Phosphate vs Phosphite: Part One

Phosphite can fertilize like phosphate, but its other functions may be more impactful.

Hands with leaves
Though phosphite is not the best nutritional source of phosphorus, it can serve as a carrier and catalyst for quick nutrition supplements and responses to nutrient deficiencies.

Phosphite has been a controversial topic for years. Its use and benefits are argued in hundreds of research papers across the world’s scientific communities. Is it a fertilizer, a biostimulant or a fungicide? These questions are discussed in multiple university research results. I believe that if we look carefully, we can conclude phosphite serves all three functions. As with everything we do with chemicals and nutrition, we need to be aware of possible negative effects. We also need to determine how we are using the phosphite materials and the results we are seeking.

First, we need to understand and differentiate between phosphate and phosphite. There is often a lot of confusion here.

It Starts with Phosphorus
Phosphorus (P) is an essential major macronutrient. It is required by all living organisms. It is a limiting nutrient that controls growth in many ecosystems. P in living systems occurs mainly in the form of inorganic phosphate as well as phosphate esters. The formation and breakdown of phosphate esters under the control of kinases and phosphatases regulates the temporal protein activity and is responsible for the generation, distribution and utilization of free energy throughout the cell in several metabolic pathways. P is a structural component of the phospholipid bilayer membranes and genetic material including DNA and RNA. In nature, most P exists in its completely oxidized state (valence of +5) as a phosphate anion (PO43-, Pi), phosphate-containing minerals and organic phosphate esters. Pi compounds are the only form of P utilized by the plants for their nutrition. Modern agriculture is currently dependent on the continuous input of Pi fertilizers, produced by the mining of rock Pi. Approximately 80% of the mined P is used to manufacture Pi fertilizer.

The Difference is An Atom
Phosphite (Phi) is a reduced form of Pi with one less oxygen atom (P valence of +3). Phi compounds have been widely used in agriculture as fungicides for controlling several plant diseases caused by oomycete pathogens including Phytophthora spp. Although Phi can be absorbed by the plant cells through the Pi transporters, plants cannot metabolize Phi, which limits its use as a fertilizer. Phi can only be metabolized naturally by certain bacteria with an enzyme called Phi dehydrogenase (PtxD), which oxidizes phosphite into phosphate, a form that can be utilized for various cellular functions, and it does not provide P nutrition to the plants. The supply of Phi attenuates the Pi starvation responses (PSRs) in plants and inhibits the growth in Pi-starved plants. The addition of Phi to plants experiencing deficiencies of P confuses the plant’s internal signal that triggers the P deficiency responses. Several studies show that too much Phi application has detrimental effects on the growth and development of various plants. Therefore, Phi compounds should not be used as a major source of P fertilizers in agriculture.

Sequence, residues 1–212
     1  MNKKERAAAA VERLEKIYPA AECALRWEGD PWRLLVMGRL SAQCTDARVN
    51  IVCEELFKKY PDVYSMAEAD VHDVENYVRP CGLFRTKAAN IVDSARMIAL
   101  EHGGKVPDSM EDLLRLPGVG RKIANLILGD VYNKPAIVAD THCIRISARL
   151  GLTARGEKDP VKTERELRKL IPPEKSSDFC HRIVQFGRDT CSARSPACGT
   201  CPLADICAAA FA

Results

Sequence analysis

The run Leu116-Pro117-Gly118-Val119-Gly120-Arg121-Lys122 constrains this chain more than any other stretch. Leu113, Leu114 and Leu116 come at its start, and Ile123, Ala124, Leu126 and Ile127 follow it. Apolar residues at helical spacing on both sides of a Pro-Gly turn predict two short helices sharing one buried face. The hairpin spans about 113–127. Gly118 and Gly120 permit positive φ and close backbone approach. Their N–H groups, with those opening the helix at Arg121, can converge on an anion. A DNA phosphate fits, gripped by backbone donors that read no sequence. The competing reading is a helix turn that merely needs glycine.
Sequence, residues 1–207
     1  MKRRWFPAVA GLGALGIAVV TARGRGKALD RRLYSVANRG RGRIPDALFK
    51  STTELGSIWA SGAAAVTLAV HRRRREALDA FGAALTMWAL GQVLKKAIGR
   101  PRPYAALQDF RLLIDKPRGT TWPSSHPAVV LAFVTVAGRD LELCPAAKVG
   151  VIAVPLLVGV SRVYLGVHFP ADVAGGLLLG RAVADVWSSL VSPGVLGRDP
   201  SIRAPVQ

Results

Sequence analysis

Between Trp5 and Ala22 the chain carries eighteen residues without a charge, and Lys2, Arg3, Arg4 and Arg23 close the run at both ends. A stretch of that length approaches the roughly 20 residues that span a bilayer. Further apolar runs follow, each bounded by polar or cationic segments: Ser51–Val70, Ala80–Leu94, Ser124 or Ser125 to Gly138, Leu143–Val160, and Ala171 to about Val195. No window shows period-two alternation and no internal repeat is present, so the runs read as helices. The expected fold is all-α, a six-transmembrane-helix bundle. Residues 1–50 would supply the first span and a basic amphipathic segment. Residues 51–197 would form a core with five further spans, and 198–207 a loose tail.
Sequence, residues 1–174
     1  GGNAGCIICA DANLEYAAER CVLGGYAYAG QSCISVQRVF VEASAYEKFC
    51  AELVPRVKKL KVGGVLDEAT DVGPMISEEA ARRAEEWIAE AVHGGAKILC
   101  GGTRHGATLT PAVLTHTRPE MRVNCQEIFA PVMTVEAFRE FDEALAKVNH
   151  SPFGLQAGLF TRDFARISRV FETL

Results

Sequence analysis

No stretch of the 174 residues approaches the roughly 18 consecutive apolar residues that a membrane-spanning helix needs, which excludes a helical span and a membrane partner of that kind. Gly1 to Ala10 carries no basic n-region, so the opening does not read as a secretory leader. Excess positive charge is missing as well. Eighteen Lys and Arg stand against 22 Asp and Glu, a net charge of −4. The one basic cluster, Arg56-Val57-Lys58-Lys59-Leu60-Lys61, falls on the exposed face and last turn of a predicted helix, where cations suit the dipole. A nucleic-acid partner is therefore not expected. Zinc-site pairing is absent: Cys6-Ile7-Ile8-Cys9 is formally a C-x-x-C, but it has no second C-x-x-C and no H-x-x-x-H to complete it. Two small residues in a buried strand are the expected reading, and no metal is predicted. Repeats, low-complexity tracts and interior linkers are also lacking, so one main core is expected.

Phi is more soluble than Pi and has a smaller structured molecule, so it is more readily absorbed by plant tissue. When added with other nutrients, it can serve as an excellent carrier. For example, a Phi mix containing phosphorus and potassium, calcium or magnesium would be absorbed readily and carry the needed nutrient into the plant. This has been demonstrated in numerous trials based on Verdesian Life Sciences’ line of NutriPhite nutrient products. Because of the proven biostimulant properties of Phi and the fungicidal benefits, we have the possibility of getting multiple benefits applied with a single application.

Phosphite Not a ‘Traditional’ Fertilizer
So, though Phi is not the best nutritional source of P, it can serve as a carrier and catalyst for quick nutrition supplements and responses to nutrient deficiencies. Soil applications of Phi usually do not replace P in the soil; however, plantings the following year show the plants do better where Phi had been applied the previous season. Interest in using Phi as part of a total production package is increasing, especially for some high-value crops. Phi fertilizers, if not formulated correctly, have significant potential to be phytotoxic and induce adverse reactions with other materials in the spray tank such as microelements and pesticides. When choosing your Phi source, it would be wise to seek a stabilized formula as it is proven not to bind with other tank mix materials. Chemical bonds will create another compound that even if not phytotoxic can be completely useless and unattainable by the plant. The salt-out effect can be a potential to clog nozzles and filters and could result in a waste of dollars spent on the Phi and/or other nutrients and chemicals. By binding these up, we are losing all or most of the efficacy of an expensive input in our crop management. All fertilizers, especially Phi, should be used in close consultation with a crop consultant to meet desired production goals.

In California, it is important to recognize that research has shown foliar applications of Phi can replace Pi in citrus and avocado crops suffering from P deficiency. Phi conversion to Pi may be attributed to slow chemical oxidation or by oxidizing bacteria and fungi that have been found living on the leaves of these two crops.

In part two of this article series, we will visit the biostimulant role of Phi, which is possibly even more important than the fungicidal properties of this very diverse and very useful tool to consultants and growers.

JW Lemons
CCA, CPAG at Western Region CCA | + posts